Preclinical and clinical studies suggest a possible role for cyclooxygenases in bone repair and create concerns about the use of nonsteroidal antiinflammatory drugs in patients with skeletal injury. We utilized wild-type, COX-1–/–, and COX-2–/– mice to demonstrate that COX-2 plays an essential role in both endochondral and intramembranous bone formation during skeletal repair. The healing of stabilized tibia fractures was significantly delayed in COX-2–/– mice compared with COX-1–/– and wild-type controls. The histology was characterized by a persistence of undifferentiated mesenchyme and a marked reduction in osteoblastogenesis that resulted in a high incidence of fibrous nonunion in the COX-2–/– mice. Similarly, intramembranous bone formation on the calvaria was reduced 60% in COX-2–/– mice following in vivo injection of FGF-1 compared with either COX-1–/– or wild-type mice. To elucidate the mechanism involved in reduced bone formation, osteoblastogenesis was studied in bone marrow stromal cell cultures obtained from COX-2–/– and wild-type mice. Bone nodule formation was reduced 50% in COX-2–/– mice. The defect in osteogenesis was completely rescued by addition of prostaglandin E2 (PGE2) to the cultures. In the presence of bone morphogenetic protein (BMP-2), bone nodule formation was enhanced to a similar level above that observed with PGE2 alone in both control and COX-2–/– cultures, indicating that BMPs complement COX-2 deficiency and are downstream of prostaglandins. Furthermore, we found that the defect in COX-2–/– cultures correlated with significantly reduced levels of cbfa1 and osterix, two genes necessary for bone formation. Addition of PGE2 rescued this defect, while BMP-2 enhanced cbfa1 and osterix in both COX-2–/– and wild-type cultures. Finally, the effects of these agents were additive, indicating that COX-2 is involved in maximal induction of osteogenesis. These results provide a model whereby COX-2 regulates the induction of cbfa1 and osterix to mediate normal skeletal repair.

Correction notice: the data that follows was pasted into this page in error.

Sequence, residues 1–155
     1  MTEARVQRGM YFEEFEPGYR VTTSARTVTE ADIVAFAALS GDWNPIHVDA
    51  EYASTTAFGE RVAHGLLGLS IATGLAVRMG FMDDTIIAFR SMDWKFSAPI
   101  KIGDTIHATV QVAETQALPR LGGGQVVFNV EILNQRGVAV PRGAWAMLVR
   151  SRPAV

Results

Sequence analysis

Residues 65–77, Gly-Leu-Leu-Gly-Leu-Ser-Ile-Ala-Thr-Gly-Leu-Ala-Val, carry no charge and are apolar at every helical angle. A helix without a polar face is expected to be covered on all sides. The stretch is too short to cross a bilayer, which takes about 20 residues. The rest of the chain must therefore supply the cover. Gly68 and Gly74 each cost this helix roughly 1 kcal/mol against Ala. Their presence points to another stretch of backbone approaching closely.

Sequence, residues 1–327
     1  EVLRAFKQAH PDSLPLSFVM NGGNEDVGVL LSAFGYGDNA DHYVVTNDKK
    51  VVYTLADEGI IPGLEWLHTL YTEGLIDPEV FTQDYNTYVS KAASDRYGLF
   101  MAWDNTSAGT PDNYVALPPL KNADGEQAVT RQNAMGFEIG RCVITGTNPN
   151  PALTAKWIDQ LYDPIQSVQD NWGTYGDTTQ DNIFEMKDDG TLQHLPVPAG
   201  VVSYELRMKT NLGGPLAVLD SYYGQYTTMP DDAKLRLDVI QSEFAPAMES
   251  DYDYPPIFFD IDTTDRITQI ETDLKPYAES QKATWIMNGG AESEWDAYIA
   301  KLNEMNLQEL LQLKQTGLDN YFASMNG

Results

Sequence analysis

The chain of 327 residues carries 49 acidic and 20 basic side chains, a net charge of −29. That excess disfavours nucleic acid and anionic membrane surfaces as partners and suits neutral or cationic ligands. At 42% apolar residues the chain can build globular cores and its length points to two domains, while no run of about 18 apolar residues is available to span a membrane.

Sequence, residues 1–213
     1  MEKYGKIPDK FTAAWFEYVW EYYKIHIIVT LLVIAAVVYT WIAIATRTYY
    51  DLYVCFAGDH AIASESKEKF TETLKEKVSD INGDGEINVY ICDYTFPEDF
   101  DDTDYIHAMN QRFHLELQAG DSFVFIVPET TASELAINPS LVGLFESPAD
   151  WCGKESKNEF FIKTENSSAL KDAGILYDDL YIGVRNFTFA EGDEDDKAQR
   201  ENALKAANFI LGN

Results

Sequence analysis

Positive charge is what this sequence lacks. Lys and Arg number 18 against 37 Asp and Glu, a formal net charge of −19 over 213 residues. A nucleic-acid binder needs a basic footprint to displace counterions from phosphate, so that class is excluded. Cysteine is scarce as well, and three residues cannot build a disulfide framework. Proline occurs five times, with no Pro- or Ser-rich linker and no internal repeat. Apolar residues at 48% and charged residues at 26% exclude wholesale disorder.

Xinping Zhang, Edward M. Schwarz, Donald A. Young, J. Edward Puzas, Randy N. Rosier, Regis J. O’Keefe
We have derived from normal human, mouse, and rat postnatal bone marrow primitive, multipotent adult progenitor cells (MAPCs) that can differentiate into most mesodermal cells and neuroectodermal cells in vitro and into all embryonic lineages in vivo. Here, we show that MAPCs can also differentiate into hepatocyte-like cells in vitro. Human, mouse, and rat MAPCs, cultured on Matrigel with FGF-4 and HGF, differentiated into epithelioid cells that expressed hepatocyte nuclear factor-3β (HNF-3β), GATA4, cytokeratin 19 (CK19), transthyretin, and α-fetoprotein by day 7, and expressed CK18, HNF-4, and HNF-1α on days 14–28. Virtually all human, as well as a majority of rodent cells stained positive for albumin and CK18 on day 21; 5% (rodent) to 25% (human) cells were binucleated by day 21. These cells also acquired functional characteristics of hepatocytes: they secreted urea and albumin, had phenobarbital-inducible cytochrome p450, could take up LDL, and stored glycogen. MAPCs, which can be expanded in vitro and maintained in an undifferentiated state for more than 100 population doublings, can thus differentiate into cells with morphological, phenotypic, and functional characteristics of hepatocytes. MAPCs may therefore be an ideal cell for in vivo therapies for liver disorders or for use in bioartificial liver devices.
Robert E. Schwartz, Morayma Reyes, Lisa Koodie, Yuehua Jiang, Mark Blackstad, Troy Lund, Todd Lenvik, Sandra Johnson, Wei-Shou Hu, Catherine M. Verfaillie
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